About

Weldon HensonWhile Texas artists are rapidly influencing country music on a national level and exposing the return to their musical roots; no other artist is showing how true his Texas roots are more than Weldon Henson. The Texas country music sub-genre kicked up a storm in the 90s as country traditionalists were being pushed aside for a new pop-based flavor in the genre. So too has Weldon’s musical beginnings paralleled the same timeframe and he’s been working his way into the musical ranks across the Lone Star state, staying true to the traditions that are Texas country with lyrical tales of heartache, dance halls, open roads, family traditions and hometown lifestyles. The landscape of Texas is evident in each of his performances with his Honky Tonk Frontier band.

Weldon delivers the modern day working man storyline in his lyrics just as the legends who’ve come to Austin before him. He’s walking in the footsteps of those who’ve conquered in the counterculture movements against the “Nashville sound.” Included with a few of the noted –Jerry Jeff Walker, Willie Nelson, Lyle Lovett and Robert Earl Keen– he has been honored to take the outdoor stage with a monthly Saturday residency performing in the country folkloric setting of Luckenbach, Texas. Weldon’s Honky Tonk Frontier band can also be found touring the historic dance halls across Texas’ hill country. It isn’t easy keeping a foothold of traditional Texas country music in a current day hipster imposed setting that is Austin, but Weldon has gained significant acclaim for the past 8 years, preserving two-step dance hall traditions on the Broken Spoke’s dance floor with international audiences clamoring weekly to his Tuesday residency that has become know as “Two Steppin’ Tuesdays”.

As Waylon Jennings has spoken of writing, “your melody goes where the words take you,” Weldon’s songwriting does exactly this. Gearing up to release his fifth CD, “Texas Made” in the late fall of 2017, it’s been ten years of writing such melodies and lyrics since his first CD, “Trying to Get By” in 2007. This seasoned songwriter’s repertoire has gained him local recognition for dedication and artistry with the mayor of Austin naming February 25, “Weldon Henson Day” for the city, joining the noted local ranks of Willie Nelson, Rosie Flores and Jon Dee Graham. He’s earned his rightful place in Austin’s music scene and has been expanding his audiences internationally with special performances in Europe as well.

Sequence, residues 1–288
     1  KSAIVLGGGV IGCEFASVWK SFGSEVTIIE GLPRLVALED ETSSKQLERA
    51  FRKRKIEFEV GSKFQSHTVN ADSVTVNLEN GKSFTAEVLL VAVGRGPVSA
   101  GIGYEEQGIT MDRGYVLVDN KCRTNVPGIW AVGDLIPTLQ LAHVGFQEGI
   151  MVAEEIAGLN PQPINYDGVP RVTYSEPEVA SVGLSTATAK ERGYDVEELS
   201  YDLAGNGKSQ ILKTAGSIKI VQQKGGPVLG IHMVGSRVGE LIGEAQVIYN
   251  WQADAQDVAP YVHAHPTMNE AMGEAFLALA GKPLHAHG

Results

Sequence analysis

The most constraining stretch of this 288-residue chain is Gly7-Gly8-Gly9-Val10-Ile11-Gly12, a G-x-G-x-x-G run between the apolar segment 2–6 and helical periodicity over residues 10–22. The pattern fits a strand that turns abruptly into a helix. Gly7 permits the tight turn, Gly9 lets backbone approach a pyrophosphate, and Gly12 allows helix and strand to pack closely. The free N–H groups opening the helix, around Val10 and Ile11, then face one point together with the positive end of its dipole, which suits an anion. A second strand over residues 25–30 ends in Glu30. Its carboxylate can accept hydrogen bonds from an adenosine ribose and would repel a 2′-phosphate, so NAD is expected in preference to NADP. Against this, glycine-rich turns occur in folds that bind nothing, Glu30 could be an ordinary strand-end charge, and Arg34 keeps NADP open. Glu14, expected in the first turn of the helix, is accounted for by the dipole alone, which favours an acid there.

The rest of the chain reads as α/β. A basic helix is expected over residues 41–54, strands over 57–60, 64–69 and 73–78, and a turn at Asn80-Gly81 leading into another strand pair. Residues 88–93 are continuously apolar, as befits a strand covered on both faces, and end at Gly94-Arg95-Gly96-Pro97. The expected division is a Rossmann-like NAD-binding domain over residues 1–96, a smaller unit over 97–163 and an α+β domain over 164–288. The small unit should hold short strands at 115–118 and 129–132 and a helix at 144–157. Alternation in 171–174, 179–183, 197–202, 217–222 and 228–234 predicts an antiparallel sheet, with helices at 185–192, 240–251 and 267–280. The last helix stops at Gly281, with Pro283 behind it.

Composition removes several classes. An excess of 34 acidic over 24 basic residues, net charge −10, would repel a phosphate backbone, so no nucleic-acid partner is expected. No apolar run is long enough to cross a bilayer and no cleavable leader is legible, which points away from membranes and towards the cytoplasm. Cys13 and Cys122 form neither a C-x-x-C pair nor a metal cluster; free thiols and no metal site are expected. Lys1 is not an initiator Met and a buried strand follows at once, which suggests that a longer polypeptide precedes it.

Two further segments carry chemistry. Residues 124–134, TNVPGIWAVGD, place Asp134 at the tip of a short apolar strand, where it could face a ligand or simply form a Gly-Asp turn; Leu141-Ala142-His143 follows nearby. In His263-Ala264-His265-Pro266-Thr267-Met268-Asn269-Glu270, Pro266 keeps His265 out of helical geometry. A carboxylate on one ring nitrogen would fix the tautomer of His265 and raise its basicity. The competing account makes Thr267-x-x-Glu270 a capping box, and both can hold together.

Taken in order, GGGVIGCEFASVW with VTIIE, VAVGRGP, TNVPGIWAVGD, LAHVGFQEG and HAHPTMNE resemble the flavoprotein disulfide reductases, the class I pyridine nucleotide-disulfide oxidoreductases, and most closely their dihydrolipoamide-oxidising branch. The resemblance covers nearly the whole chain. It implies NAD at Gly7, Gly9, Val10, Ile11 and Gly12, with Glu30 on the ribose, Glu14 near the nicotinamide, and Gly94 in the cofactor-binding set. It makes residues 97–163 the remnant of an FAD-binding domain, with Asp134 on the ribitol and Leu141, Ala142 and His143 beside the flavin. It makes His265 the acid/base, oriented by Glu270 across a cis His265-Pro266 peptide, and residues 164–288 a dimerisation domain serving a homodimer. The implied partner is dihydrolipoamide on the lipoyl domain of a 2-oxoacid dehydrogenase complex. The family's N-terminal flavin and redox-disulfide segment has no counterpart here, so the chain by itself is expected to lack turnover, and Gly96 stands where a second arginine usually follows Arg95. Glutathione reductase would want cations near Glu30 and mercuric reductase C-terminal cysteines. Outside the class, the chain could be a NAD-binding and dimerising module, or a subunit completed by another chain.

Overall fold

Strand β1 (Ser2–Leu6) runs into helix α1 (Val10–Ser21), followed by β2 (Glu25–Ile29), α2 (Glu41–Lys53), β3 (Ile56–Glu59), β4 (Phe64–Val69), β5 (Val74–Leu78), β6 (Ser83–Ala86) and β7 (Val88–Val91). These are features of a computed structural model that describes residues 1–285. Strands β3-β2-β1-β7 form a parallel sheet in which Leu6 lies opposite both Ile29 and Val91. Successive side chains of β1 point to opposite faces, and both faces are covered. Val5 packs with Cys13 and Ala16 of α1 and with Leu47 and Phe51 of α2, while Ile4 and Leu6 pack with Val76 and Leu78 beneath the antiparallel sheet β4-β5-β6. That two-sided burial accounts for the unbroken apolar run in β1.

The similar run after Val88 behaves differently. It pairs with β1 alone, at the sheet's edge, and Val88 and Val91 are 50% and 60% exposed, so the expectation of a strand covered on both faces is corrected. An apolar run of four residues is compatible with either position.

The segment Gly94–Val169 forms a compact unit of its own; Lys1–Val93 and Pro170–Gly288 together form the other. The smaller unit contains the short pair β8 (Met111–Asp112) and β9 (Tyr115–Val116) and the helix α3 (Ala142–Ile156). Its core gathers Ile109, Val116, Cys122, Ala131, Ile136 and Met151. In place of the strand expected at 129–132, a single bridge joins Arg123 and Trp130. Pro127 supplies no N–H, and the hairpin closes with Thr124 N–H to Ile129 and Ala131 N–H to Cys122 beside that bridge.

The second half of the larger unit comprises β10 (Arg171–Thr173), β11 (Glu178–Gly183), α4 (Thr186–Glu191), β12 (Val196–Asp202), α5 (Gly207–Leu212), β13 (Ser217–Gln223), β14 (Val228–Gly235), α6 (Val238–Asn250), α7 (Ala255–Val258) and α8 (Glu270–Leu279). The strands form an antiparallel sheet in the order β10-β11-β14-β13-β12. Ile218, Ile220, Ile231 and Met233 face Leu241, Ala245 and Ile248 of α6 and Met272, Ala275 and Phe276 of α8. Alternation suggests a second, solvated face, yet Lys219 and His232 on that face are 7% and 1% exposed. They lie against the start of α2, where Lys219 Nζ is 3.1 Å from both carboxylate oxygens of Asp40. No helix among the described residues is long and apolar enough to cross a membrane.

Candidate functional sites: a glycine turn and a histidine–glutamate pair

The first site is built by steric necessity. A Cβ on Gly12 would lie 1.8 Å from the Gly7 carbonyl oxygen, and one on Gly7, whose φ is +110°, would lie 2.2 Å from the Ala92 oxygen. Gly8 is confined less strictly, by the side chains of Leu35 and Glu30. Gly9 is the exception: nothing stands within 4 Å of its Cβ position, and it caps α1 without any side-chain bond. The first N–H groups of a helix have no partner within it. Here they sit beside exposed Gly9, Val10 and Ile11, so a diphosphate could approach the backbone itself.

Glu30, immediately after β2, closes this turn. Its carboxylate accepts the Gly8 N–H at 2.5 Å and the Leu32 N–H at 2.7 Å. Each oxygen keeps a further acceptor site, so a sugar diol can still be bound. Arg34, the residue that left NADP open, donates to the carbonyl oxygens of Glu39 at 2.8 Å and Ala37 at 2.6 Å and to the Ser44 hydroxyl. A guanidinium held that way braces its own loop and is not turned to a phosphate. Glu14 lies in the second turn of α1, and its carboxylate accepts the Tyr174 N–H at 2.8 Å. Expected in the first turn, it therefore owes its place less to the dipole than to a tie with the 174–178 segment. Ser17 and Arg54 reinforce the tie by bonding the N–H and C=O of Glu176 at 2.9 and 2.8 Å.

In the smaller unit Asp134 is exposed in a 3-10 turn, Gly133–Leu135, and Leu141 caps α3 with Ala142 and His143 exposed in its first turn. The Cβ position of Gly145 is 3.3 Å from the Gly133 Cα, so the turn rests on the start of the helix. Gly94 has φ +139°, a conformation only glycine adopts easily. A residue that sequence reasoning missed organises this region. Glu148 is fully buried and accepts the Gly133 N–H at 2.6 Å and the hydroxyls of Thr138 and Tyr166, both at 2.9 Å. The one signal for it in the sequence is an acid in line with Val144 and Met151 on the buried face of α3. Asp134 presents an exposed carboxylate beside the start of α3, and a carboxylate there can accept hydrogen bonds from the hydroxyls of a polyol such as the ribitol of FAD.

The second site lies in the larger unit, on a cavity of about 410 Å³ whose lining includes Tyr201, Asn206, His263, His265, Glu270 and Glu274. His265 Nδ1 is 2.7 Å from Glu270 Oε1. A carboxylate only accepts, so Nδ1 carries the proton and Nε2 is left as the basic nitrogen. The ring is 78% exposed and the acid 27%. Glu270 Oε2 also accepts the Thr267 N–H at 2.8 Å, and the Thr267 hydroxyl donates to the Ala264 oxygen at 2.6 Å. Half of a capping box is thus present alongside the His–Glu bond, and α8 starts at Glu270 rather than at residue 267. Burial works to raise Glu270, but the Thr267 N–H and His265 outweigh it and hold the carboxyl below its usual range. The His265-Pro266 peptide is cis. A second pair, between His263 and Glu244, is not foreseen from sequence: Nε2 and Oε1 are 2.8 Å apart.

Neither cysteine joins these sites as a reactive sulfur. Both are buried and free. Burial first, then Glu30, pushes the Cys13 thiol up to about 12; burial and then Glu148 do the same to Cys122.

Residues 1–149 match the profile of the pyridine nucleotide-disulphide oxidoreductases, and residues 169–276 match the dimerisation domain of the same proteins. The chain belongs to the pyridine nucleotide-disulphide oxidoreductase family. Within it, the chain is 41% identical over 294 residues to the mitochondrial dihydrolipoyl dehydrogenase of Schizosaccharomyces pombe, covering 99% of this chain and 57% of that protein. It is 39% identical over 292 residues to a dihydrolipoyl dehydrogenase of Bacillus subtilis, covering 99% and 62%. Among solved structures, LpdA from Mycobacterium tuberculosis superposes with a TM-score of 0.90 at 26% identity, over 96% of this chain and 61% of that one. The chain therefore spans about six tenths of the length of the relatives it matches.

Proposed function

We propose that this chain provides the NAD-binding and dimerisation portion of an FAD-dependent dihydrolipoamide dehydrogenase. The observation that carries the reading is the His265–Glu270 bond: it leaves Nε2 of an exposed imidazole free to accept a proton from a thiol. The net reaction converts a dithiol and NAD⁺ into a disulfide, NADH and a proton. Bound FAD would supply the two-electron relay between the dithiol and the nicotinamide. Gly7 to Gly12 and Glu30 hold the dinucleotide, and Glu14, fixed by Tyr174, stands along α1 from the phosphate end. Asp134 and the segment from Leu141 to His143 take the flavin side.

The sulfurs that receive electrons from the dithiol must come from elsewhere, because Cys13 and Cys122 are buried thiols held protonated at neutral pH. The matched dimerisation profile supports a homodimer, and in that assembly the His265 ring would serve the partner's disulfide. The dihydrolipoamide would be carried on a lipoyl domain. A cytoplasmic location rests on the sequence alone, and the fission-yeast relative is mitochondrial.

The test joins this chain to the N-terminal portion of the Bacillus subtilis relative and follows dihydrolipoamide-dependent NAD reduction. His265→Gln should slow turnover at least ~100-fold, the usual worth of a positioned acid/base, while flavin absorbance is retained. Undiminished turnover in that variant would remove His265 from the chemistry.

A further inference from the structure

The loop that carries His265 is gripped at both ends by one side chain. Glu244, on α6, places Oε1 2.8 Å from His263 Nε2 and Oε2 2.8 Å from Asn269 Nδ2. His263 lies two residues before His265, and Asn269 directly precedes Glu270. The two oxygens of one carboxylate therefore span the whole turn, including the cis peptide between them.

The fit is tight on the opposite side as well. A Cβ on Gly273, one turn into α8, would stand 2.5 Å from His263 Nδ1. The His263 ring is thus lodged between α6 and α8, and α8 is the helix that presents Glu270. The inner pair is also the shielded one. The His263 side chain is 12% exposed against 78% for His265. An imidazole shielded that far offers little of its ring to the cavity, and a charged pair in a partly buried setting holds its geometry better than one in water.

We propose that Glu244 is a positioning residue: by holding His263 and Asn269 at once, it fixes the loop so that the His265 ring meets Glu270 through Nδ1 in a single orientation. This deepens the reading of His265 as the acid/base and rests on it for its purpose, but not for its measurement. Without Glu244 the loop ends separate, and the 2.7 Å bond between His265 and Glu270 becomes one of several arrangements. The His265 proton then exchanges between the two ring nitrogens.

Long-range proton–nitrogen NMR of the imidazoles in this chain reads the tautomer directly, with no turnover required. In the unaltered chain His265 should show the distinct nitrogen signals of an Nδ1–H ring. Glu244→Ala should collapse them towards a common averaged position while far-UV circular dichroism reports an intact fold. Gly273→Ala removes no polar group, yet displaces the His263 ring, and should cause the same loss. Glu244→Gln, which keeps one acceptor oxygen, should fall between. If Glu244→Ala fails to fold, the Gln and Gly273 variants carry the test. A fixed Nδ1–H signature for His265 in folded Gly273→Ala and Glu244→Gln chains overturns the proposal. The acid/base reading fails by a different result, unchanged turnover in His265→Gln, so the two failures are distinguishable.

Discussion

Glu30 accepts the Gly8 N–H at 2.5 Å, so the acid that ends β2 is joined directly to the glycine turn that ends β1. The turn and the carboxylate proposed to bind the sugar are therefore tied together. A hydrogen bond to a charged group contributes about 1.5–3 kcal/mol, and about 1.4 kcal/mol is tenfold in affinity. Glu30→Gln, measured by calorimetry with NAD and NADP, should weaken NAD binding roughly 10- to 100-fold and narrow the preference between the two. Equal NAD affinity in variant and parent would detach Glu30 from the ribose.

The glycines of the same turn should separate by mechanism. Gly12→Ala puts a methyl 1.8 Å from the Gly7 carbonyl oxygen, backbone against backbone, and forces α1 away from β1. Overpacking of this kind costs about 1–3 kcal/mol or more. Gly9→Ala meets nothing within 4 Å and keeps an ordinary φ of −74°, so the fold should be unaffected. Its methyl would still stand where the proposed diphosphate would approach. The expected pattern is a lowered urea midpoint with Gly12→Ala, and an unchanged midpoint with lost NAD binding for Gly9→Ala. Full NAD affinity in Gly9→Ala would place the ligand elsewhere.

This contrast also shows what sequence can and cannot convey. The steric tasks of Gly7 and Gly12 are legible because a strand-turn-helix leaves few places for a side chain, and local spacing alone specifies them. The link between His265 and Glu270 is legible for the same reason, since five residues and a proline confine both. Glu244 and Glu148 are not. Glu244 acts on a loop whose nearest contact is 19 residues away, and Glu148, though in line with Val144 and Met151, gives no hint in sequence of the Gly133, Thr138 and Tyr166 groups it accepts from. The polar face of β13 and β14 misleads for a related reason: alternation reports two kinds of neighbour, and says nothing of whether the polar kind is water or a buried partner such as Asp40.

His musical upbringing in Humble, Texas, initiated his foray into singing and playing violin and piano. Yet it was while serving in the Air Force that Weldon turned to the guitar and his passion for playing music truly awoke. “I was 19 or 20 years old when it all clicked and felt right,” he recalls. “At the time, I was learning to play guitar and I did so by playing and singing my favorite Hank Williams and Johnny Cash songs. Needless to say, I caught the bug right then and never looked back.” With a move to Austin after serving his time in the military, Weldon now reflects back on that decision to venture out on his musical journey to the Live Music Capital. “Now, to have the mayor proclaim a day in honor of me is pretty cool and I take time to reflect on the 10 years, thousands of gigs and five CDs I have written and co-produced, all of which would have never been possible if I would have never made the move to Austin in the first place.”

Weldon’s shows are a throwback to the vintage honky-tonk lifestyle and Texas culture that brought your grandparents together combined with a slightly rock ‘n roll attitude and modern approach to Texas country. His hard-hitting, original country music demands as much energy from the dancers and audience, as from Weldon and his band. Weldon’s repertoire is one of the most extensive on the Texas honky-tonk and dancehall circuit making him a popular choice among venue owners and their patrons.

Wherever you’re lucky enough to catch him, prepare for an exciting, entertaining, and authentic Texas-made Honky Tonk experience you are sure to appreciate.